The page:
starting job at some point this fall. Also adding depth on the
outside will be senior Dexter Manley, who conjured images
of his former All-Pro dad with a three-sack game in September
before disappearing for the balance of the year. At tackle,
senior Jeremy Gibbs started five games in his first year
out of junior college, and held up surprisingly well against the
run. Although the 6-3, 290-pounder is not expected to start
this season, he’ll continue to play a vital role on a line that
needs more depth.
Watch Out For… Bair. On an Oregon defense that’s
frantically searching for consistent pass rushers, Bair has the
look of a sleeping giant that’s about to make his presence felt
on Pac-10 quarterbacks.
Strength: Depth at end. With the return of Filipe
from injury, Tukuafu’s de-commit from Arizona and Bair’s
breakout spring, the Ducks have a very solid rotation of five
players, all capable of challenging for a starting job.
Weakness: Run defense. Four teams rolled up at
least 190 yards rushing on the Ducks in 2006, when top tackle
Matt Toeaina was still in Eugene. Without their anchor, the
defense will again be susceptible to quality running teams this
Outlook: The return of Linehan helps, but unless
Faaeteete starts channeling Haloti Ngata, Oregon is going to
give up a lot yards on the ground in 2007. While there’s depth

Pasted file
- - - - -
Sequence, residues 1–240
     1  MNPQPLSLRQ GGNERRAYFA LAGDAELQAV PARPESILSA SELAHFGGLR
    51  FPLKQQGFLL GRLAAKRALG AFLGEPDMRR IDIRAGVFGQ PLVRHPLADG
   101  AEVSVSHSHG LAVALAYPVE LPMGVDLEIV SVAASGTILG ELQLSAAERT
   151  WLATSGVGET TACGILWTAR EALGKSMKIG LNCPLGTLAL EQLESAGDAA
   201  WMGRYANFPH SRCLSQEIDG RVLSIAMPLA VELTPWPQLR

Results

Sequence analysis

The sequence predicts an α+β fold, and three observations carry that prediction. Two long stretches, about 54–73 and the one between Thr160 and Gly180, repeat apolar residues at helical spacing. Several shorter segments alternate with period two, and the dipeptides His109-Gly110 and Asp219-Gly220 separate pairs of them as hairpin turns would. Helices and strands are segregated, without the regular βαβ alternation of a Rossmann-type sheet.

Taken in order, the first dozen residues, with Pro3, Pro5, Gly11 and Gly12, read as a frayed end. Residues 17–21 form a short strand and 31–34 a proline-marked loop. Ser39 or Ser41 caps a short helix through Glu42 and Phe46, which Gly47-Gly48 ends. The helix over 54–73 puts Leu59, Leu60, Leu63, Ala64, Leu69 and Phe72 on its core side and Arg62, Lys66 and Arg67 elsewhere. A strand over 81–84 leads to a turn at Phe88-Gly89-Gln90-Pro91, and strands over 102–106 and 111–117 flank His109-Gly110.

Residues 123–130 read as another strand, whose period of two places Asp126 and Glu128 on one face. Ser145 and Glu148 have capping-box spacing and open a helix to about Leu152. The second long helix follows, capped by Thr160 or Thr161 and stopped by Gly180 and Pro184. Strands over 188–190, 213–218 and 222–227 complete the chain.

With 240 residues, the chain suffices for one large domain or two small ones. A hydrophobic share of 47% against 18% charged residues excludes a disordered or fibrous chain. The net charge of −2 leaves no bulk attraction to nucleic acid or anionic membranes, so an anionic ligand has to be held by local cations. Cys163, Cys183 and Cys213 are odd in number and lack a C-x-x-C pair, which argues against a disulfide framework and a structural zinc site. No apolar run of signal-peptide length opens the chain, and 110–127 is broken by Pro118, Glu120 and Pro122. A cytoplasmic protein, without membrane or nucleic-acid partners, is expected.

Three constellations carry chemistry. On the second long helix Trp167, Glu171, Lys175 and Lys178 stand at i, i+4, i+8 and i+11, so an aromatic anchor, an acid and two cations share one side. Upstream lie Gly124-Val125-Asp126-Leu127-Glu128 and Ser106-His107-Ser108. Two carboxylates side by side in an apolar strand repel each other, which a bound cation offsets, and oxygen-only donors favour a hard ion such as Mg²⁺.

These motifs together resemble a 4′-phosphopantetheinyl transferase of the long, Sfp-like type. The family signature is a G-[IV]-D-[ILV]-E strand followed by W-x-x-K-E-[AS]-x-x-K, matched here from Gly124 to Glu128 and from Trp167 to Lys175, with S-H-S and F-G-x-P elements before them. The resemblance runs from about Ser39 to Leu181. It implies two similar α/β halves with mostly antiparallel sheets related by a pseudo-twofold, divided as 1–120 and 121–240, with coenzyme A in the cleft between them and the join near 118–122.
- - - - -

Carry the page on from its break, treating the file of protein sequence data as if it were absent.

at end, someone needs to step up and replace Sanders’ nine sacks
and countless pocket pressures.
Projected Starters: One of the top priorities for
the 2007 defense will be to replace middle linebacker Blair
Phillips, last year’s emotional and physical leader of the
unit. Taking his place will be John Bacon, a 6-3,
227-pound junior that looked up to the task in April’s dress
rehearsal. Little more than a special teamer in 2006, he showed
the quickness, instincts and vocal leadership to be one of the
defensive surprises this fall.
At weakside will be senior A.J. Tuitele, who started
eight games last year and was fifth on the team with 59
tackles. Although he lacks ideal size at only 5-11 and 225
pounds, he plays with good lateral quickness and packs a punch
like an aggressive strong safety.
Projected Top Reserves: The reserves this year are
very young and untested, putting pressure on Bacon and Tuitele
to not only stay healthy, but perform at a high level as well.
Behind Bacon is redshirt freshman Spencer Paysinger, a
rangy 6-2, 220-pound player that came to the program in 2006
with a wide receiver’s resume. Although his athleticism is
outstanding, the Ducks would prefer that he not get forced into
critical action until the 2008 season.
Tuitele will be backed up by sophomore Kevin Garrett, a
letterman in 2006 that spent most of his Saturdays on special
teams. Like Tuitele, he makes up for a lack of prototypical
size with an aggressive and active style that fits the Oregon
Watch Out For… Bacon to gradually become one of
the leaders of the defense. Yeah, he plays a position that’s
tailor-made for the role, but he also has a magnetic personality
that makes him a natural to fill the void left by Phillips’
Strength: Instincts. Bacon and Tuitele both have
high football IQs, take good angles and have a habit of being
around the ball, which means lots of tackles for both in 2007.
Weakness: Depth. Although the Ducks can survive